There was a time when many lorries carrying out water melons had to wait desperatedly in a long line at the Lang Son border gate and were forced to sell the fruit at VND1,000 per kilogram. With rice, coffee and salt faring no better farmers are sinking into despair.

Several weeks ago, the prices of rice dropped so steeply that the Government decided to buy for reserves to reduce losses for farmers. Salt and coffee share the same story, so the Ministry of Industry and Trade proposed the Government buy for reserves and the Coffee Association asked the Government to purchase 200,000 tonnes.

The problem is that farmers can produce a huge volume of products but are unable to control prices. Vietnam now ranks first or second worldwide in terms of rice and coffee exports, but finds it difficult to manage exports of farm produce.

It is something of paradox that Vietnam pours much investment into producing more products but lacks export markets. Preventive measures should have been put in place before production got underway.

It is easy to see that the weakness of Vietnamese businesses is lack of capital and storehouses, enabling foreign importers to drive down buying prices. Rice is a typical example. Taking advantage of declining rice prices, importers seek to pay at an unreasonably low level.

The agricultural sector drew special attention from the Government, especially when it strictly implemented a programme to link regions and four entities: the State, farmers, scientists and businesses. However, it did not produce as efficiency as expected, and several problems arose. Farmers are still worried, even if they have a bumper crop. Over the past years, the prices of farm produce have not remained stable and the story “good harvest but lost profit” is heard again and again.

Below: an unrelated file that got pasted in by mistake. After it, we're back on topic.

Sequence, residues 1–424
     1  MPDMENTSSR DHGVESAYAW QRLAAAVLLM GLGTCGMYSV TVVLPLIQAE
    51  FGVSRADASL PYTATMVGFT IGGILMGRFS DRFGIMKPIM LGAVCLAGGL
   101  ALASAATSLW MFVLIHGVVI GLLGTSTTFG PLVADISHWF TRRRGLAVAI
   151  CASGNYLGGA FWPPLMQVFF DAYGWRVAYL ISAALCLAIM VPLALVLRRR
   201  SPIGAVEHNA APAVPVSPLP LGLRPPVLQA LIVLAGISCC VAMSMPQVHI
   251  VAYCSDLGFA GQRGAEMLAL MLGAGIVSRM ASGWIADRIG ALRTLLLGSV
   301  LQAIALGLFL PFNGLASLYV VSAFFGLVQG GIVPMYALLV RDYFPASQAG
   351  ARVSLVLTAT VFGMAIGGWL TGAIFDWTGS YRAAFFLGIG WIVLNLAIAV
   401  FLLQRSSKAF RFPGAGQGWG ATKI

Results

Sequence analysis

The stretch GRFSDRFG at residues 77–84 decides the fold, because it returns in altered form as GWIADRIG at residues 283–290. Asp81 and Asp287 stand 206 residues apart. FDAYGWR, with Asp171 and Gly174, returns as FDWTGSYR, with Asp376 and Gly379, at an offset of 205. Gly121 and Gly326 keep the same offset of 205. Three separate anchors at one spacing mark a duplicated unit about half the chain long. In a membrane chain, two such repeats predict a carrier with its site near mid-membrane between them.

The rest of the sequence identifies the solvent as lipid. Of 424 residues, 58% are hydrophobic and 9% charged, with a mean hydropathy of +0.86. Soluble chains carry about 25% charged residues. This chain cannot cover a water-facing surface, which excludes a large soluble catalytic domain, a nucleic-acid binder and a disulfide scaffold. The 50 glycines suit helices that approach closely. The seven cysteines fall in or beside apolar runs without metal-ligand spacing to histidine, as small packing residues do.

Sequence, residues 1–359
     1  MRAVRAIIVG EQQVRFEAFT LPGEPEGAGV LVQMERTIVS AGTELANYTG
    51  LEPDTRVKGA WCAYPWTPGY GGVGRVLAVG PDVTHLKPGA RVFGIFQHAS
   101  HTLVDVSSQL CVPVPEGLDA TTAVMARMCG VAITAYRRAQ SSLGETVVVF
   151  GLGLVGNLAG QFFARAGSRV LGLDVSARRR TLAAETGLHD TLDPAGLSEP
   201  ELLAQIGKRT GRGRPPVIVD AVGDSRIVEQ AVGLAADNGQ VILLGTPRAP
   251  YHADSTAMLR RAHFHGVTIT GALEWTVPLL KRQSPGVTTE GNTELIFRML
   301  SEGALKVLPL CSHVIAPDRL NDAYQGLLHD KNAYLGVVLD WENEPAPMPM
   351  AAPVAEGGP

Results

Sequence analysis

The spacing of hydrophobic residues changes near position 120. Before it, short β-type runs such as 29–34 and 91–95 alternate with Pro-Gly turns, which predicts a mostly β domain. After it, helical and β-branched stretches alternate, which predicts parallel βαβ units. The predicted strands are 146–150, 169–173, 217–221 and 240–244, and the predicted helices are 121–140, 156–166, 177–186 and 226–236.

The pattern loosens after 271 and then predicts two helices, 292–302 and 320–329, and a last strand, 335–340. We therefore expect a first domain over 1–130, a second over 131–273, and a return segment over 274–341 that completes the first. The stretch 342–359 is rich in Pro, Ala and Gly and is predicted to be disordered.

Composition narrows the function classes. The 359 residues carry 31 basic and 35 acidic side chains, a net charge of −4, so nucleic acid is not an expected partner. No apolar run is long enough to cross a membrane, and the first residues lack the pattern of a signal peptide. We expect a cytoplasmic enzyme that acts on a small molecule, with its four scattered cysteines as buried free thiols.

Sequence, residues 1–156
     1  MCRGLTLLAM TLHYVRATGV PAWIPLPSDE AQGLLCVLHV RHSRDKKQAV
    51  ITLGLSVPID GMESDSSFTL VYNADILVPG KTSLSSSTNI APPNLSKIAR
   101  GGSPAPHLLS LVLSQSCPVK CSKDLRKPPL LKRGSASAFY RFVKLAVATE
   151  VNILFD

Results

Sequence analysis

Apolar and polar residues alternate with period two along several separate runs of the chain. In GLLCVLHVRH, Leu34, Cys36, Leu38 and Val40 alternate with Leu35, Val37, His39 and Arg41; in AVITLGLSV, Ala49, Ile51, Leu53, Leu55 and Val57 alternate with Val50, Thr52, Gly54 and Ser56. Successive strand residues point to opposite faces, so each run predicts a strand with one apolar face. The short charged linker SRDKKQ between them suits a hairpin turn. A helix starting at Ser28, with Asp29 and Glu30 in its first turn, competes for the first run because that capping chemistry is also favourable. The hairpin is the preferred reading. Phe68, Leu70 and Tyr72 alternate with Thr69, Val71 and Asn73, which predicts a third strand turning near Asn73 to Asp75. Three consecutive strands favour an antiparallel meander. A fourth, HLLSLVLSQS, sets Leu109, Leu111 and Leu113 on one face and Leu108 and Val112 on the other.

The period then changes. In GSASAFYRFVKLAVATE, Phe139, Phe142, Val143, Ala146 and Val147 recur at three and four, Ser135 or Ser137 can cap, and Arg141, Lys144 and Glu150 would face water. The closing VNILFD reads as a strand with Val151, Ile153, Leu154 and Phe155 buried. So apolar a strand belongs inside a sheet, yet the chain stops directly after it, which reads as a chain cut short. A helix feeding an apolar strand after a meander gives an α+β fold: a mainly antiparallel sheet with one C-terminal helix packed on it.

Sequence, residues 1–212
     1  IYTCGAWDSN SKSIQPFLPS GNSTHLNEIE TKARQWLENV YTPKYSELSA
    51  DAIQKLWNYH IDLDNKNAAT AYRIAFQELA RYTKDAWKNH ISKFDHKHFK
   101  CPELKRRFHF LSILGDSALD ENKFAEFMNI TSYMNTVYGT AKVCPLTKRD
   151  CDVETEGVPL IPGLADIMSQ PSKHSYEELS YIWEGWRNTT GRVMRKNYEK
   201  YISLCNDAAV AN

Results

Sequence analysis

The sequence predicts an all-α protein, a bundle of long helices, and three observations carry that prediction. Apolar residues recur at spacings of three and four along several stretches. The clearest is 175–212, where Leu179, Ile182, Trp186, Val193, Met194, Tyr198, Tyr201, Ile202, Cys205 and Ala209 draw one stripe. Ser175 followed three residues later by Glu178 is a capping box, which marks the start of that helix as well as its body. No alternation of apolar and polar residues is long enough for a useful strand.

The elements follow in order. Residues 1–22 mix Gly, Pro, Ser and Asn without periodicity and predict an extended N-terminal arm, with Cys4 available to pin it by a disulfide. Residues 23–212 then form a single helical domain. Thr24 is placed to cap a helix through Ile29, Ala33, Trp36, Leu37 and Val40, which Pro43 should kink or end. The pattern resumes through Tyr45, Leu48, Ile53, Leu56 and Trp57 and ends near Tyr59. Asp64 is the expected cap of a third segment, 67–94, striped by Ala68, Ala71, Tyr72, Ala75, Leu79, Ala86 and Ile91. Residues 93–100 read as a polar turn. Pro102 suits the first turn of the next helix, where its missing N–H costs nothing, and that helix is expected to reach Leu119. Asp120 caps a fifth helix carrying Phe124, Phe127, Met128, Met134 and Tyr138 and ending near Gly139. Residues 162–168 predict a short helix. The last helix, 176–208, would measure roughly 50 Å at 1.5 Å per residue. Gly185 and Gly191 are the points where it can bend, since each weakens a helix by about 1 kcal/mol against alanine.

Vietnam has not yet devised a mechanism to keep the prices of rice, coffee and other farm produce stable to ensure the farmers’ rights. A proposal to form a mechanism to intervene in a timely fashion when the prices of farm produce drop sharply or to establish a fund to stabilize market prices has not become a reality.

It is clear that finding output markets for agricultural products needs a strategic orientation. Band-aid solutions, such as buying for temporary reserves are insufficient. In addition to a fund, specific strategies need to be employed to get farmers focused on the dynamics of supply and demand and more store houses need to be built.

Thailand has a good experience that Vietnam can learn from. In addition to setting up a modern storehouse system which can store 10 million tonnes of rice, in 2000 Thailand invested nearly US$2 billion in implementing a mechanism to keep rice prices stable. According to the mechanism, farmers can sell their rice to the Government’s agencies at the ceiling prices and can re-buy all their rice within 90 days at an interest rate of 3 percent. As the ceiling price is always higher than the market price, the Government becomes a direct purchaser from farmers and is also in charge of exporting rice through its contracts, bidding or selling on the farm produce exchange.

Source: VOV

Source: QDND

Vietnam eyes bigger share in Russia’s farm produce market

In Uncategorized on September 24, 2008 at 12:31 pm

Moscow (VNA) – Russia is a very important market of Vietnamese farm produce, said Deputy Minister of Agriculture and Rural Development Luong Le Phuong while opening a seminar on the foothold of Vietnamese farm, forestry and seafood products in Russia held in Moscow on Sept. 23.

Vietnam earned 239 million USD from the export of the staple to Russia in 2007, of which 118.7 million USD was from seafood alone.

However, only 36 out of Vietnam ’s total 200 seafood processors and exporters have to date sold their products in Russia – a market with more than 142 million people.

Phuong attributed Vietnam ’s modest farm export earnings from Russia to both Vietnamese and Russian businesses’ failure to get to know each other’s demands and capacity.

“There was a time that Vietnamese businesses have concentrated only on the US and EU markets and forgotten the big and potential Russia ,” Phuong admitted.

He said Vietnam will hold a trade promotion seminar in Russia annually in addition to organising market research tours of Vietnam for Russian importers with a view to making the two countries’ businesses better understand their demands and reach deals.

Phuong believed that such efforts will be paid off and two-way trade value between Vietnam and Russia will reach 2-3 billion USD a year from 1 billion USD in 2007, with seafood, rice and tea remaining Vietnam ’s key export lines to Russia.-